Erlikosaurus is a genus of herbivorous theropod dinosaur from the late Cretaceous Period, belonging to the Therizinosauridae. Its fossils, a skull and some post-cranial fragments, were found in the Bayan Shireh Formation of Mongolia, dating to around 90 million years ago.
Erlikosaurus were therizinosaurs, a strange group of theropods that ate plants instead of meat, and that had backward-facing pubises like ornithischians. Also like ornithischians, their jaws were tipped by a broad rounded bony beak useful for cropping off plants. Behind the beak, separated by an hiatus, there were per side twenty-three small straight coarsely serrated teeth in the maxilla. The dentary of the lower jaw had more teeth: thirty-one for a total of one hundred eight. The bony nostrils of Erlikosaurus were very large and elongated. The braincase was swollen at the back by pneumatised bone. Scientists now know some therizinosaurs were feathered, so it is likely that Erlikosaurus were as well. Erlikosaurus had exceptionally long slender claws on their feet, with a bone core of up to ten centimetres, the purpose of which is unclear; G.S. Paul surmised they were used for self-defence.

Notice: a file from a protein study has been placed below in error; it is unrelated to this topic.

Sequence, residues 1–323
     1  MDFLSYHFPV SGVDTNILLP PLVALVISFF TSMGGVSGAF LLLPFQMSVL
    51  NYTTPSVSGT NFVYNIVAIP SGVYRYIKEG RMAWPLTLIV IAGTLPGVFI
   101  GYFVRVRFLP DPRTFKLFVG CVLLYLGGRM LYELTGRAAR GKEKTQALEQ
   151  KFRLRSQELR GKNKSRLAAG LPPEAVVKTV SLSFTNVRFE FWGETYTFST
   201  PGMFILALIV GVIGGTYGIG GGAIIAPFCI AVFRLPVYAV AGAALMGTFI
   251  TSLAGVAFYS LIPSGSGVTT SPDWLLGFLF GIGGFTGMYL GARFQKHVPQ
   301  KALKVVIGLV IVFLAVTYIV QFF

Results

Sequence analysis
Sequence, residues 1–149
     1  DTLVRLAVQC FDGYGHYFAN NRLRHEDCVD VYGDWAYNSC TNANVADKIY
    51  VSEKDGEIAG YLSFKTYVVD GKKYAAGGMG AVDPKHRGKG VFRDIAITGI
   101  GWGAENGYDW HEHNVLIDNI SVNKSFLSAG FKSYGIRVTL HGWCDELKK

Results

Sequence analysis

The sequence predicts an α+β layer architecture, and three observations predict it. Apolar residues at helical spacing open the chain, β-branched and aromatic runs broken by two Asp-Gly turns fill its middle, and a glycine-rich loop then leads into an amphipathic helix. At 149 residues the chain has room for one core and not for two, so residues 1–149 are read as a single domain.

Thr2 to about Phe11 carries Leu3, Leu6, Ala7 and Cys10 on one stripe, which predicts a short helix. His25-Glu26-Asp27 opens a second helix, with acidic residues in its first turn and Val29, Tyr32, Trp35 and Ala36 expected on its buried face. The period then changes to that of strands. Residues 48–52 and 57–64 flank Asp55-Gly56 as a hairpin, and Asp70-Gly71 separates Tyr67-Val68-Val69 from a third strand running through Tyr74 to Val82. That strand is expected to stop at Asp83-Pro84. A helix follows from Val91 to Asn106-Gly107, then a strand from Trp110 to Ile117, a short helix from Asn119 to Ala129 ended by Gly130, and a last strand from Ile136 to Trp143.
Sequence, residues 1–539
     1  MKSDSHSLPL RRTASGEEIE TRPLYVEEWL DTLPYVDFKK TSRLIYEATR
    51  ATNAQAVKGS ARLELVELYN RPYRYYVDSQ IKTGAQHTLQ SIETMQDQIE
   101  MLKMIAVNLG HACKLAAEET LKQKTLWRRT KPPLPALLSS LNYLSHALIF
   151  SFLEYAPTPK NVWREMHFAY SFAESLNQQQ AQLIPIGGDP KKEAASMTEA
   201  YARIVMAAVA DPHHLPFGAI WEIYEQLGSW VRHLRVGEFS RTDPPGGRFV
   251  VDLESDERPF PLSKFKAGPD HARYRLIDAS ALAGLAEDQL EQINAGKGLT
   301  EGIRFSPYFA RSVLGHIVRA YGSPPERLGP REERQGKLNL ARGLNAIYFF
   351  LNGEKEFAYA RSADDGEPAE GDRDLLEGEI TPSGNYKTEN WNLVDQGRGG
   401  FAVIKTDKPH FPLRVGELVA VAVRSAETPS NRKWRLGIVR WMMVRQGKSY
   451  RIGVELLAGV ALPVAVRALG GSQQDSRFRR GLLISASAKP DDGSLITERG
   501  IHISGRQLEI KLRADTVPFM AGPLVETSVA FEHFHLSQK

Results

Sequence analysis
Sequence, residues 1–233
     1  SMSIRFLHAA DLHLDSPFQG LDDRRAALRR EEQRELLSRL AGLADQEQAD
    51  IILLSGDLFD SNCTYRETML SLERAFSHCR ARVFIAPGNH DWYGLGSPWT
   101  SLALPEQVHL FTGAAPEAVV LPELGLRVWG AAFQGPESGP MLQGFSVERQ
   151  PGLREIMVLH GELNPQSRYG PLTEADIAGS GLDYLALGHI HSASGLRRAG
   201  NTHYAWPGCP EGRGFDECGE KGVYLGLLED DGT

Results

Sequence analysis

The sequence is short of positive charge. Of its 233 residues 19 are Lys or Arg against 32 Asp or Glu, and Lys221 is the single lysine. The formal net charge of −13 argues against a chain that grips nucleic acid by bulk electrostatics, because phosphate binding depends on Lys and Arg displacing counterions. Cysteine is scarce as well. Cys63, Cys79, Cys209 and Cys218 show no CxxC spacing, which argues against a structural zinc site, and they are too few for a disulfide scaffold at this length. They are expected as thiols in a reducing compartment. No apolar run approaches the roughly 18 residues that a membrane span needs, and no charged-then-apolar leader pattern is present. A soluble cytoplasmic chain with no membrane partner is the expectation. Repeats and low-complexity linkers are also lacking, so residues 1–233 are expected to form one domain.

As the genus is only known from very fragmentary material, it has been problematic to determine the size of Erlikosaurus, especially as most of the vertebral column of the holotype is missing. The skull length is twenty-five centimetres; the humerus is thirty centimetres long. It has been estimated to attain an adult body length of six meters (twenty feet). Erlikosaurus may have been more lightly built than close relative Segnosaurus. Other estimates are lower: in 2010 Gregory S. Paul gave a length of 4.5 metres and a weight of half a tonne.